US 362963 A
Description (OCR text may contain errors)
WATER TANK VALVE.
1 h lilll 4 INVE TOR y? Attorney WITNESSES UNITED STATES :ATENT OFFIGEQ HENRY S. HOPPER, OF DETROIT, MICHIGAN.
WATE R-TAN K VALVE.
SPECIFICATION forming part of Letters Patent No. 362,963, dated May 17, 1887.
Application filed August 12, 18: 5.
To all whom it may concern:
Be it known that I, HENRY S. HOPPER, of Detroit, county of \Vayne, State of Michigan, have invented a new and useful Improvement in \Vater-Tank Valves; and I declare the following to be a full, clear, and exact description of the same, such as will enable others skilled in the art to which it pertains to make and use it, reference being had to the accompanying drawings,which form a part of this specification.
My invention has for its object a novel valve for water-tanks, designed to be selfclosing and cut off the admission of water to the tank when suitably filled, and thereby prevent overflowing, and which shall at the same time allow the water to be drawn from the tank by the same pipe through which it is admitted to the tank.
It consists of the combinations of devices and appliances hereinafter specified, and more particularly pointed out in the claims.
In the drawings, Figure 1 is a sectional view illustrating my invention, showing the valve open. ,Fig. 2 is a similar view showing the valve closed. Fig. 3 is a modification showing the valve partially open. Fig. 4 is a view of the same, showing the valve closed.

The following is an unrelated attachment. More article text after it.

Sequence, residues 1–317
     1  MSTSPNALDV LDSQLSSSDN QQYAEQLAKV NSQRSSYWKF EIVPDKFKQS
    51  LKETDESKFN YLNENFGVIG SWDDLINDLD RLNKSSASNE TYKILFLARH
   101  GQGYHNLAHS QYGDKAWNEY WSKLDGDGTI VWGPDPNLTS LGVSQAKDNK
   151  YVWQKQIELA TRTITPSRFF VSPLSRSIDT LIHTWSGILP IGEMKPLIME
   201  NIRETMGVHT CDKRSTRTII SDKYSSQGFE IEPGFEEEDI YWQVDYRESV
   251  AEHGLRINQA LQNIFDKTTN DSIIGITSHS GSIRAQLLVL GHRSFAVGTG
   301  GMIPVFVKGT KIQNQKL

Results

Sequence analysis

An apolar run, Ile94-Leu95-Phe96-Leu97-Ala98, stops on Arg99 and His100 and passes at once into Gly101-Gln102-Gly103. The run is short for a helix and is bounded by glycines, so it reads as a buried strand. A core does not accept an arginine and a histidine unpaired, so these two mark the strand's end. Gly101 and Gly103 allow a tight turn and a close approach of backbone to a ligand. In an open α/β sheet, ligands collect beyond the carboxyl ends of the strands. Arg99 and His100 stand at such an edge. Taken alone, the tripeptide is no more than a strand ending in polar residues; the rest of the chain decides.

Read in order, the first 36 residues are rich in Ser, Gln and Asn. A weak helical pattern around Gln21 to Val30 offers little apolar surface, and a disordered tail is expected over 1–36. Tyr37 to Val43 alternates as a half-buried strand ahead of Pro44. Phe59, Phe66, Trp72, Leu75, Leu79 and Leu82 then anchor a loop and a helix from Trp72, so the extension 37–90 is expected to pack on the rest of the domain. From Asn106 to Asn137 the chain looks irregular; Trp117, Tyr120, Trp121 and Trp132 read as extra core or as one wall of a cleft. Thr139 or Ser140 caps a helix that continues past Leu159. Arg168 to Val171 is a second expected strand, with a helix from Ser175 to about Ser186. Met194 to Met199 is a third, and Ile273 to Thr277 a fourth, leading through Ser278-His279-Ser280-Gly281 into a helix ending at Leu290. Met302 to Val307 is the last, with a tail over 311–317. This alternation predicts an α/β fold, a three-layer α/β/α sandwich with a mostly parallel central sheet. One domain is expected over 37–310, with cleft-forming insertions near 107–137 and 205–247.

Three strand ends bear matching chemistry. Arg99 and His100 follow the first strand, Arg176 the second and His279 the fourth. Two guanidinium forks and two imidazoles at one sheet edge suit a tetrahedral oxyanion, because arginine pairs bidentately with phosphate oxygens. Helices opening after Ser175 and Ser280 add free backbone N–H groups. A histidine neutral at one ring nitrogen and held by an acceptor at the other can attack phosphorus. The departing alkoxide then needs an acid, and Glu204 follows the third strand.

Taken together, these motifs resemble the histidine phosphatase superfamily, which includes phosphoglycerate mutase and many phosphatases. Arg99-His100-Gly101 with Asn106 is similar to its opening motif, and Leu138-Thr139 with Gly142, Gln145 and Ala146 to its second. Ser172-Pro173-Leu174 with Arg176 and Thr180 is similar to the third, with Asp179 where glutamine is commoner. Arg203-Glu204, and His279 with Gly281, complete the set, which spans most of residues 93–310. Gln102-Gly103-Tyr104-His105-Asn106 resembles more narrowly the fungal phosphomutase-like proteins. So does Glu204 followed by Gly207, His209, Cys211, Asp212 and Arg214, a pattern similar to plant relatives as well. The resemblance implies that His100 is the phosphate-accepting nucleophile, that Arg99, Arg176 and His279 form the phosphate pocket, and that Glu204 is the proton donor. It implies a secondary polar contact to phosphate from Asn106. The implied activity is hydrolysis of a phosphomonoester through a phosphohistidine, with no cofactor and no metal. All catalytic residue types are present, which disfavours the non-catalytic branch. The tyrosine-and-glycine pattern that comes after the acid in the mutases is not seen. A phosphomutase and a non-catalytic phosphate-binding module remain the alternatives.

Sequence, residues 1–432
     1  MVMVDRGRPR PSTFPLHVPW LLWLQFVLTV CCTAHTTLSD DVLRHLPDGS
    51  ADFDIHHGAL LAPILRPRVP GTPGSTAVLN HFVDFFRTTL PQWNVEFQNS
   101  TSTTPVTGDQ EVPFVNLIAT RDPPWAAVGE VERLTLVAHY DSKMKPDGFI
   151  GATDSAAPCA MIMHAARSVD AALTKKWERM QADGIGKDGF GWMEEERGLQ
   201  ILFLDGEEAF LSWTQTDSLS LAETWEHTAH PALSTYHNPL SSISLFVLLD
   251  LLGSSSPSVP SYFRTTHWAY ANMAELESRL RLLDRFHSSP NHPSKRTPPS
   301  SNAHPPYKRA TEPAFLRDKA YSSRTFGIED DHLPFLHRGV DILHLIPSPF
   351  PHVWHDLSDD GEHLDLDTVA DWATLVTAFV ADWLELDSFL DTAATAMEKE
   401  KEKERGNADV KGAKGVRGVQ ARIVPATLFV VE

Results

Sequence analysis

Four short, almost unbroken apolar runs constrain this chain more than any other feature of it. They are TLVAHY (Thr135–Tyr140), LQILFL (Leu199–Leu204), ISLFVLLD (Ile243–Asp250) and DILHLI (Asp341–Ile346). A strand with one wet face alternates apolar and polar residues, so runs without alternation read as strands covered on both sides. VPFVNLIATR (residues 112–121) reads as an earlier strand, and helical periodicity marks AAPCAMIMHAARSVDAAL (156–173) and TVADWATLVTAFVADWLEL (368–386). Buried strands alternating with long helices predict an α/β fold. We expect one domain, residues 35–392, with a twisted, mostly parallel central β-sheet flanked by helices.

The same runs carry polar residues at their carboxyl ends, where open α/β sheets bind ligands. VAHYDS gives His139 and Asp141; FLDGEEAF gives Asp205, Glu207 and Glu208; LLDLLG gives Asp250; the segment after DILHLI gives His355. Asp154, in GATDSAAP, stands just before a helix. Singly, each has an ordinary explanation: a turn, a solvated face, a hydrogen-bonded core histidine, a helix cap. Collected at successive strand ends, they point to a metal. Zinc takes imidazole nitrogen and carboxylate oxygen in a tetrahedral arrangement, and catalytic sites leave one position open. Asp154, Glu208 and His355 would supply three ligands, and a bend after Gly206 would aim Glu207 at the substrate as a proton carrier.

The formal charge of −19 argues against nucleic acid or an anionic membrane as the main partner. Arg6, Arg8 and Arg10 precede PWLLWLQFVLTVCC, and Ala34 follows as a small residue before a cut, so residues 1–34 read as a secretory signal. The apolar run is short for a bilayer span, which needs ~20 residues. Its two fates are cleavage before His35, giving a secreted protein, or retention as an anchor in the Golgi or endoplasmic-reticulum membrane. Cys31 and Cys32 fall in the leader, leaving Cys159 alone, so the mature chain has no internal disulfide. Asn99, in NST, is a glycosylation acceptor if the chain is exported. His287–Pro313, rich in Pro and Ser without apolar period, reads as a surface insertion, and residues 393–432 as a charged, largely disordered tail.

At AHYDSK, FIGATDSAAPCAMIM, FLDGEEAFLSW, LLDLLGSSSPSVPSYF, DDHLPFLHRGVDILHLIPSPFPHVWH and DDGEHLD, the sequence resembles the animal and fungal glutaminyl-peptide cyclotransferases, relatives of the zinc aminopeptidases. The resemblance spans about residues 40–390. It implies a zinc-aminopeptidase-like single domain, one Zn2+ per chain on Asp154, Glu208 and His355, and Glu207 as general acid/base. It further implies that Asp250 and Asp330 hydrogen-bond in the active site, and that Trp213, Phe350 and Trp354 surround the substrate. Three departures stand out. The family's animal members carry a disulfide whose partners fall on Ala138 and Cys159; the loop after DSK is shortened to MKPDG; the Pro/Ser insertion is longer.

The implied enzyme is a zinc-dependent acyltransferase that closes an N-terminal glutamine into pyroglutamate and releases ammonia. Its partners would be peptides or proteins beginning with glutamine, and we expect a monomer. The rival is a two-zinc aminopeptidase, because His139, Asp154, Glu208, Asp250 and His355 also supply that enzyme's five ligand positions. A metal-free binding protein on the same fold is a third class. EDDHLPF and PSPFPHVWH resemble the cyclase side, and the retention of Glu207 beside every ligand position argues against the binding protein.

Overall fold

I carry out my invention as follows: A rep resents the base of the tank; A, the waterlevel therein.
B is a bed-plate attached to the base of the tank, and supporting a valve-case, G, which may be integrally or otherwise connected therewith.
I) represents a pipe communicating with the valve-case, and through it with the interior of the tank when the valve therein is opened.
E represents a valve closed against a valve seat, F, which I prefer should be separably connected with the valve-case for convenience of locating the valve in place. f is an orifice in the valve-seat. The valve may, as shown in Figs. 1 and 2, be hinged or flexibly engaged in the valve-case at one edge, so as to open or close said orifice. It is convenient to engage the flexible end 0 of the valve in a recess in the valve-case, as shown at b, where it may be secured firmly in place by the valveseat, which may be bolted upon the bed-plate B. The bedplate itself may be secured to the Serial No. 174,206. (No n1odel.l
base of the tank by the same or by an additional bolt, as may be preferred. The valve is governed by means of a float, G, connected therewith by rods H II and eyebolts 71, h, as shown in Figs. 1 and 2, and the rods II H may be flexibly connected, as shown at h.
I designates a faucet in thepipe D, for drawing water therefrom.
The operation of my apparatus is as follows: The faucet I being closed and water admitted from the source of supply through pipe D into the tank, it will -rise therein until the float has been reached. At this moment the float will begin to rise, carrying with it the valve E. As the float and valve continue to rise, the pressure of the fluid in the pipe will act against the under side of the valve and aid in its upward movement, the pressure against the valve becoming greateras the val ve-opeuin g becomes more contracted. it will be held in its closed position by the pressure of the water in the pipe D, and as long as this pressure is maintained the valve will remain closed. It the faucet I now be opened, the pressure in pipe D will be relieved, the valve E will be opened, and the water from the tank will flow through the faucet till it is again closed, when the water will rise in the tank, raise the float and valve, and the operation be repeated.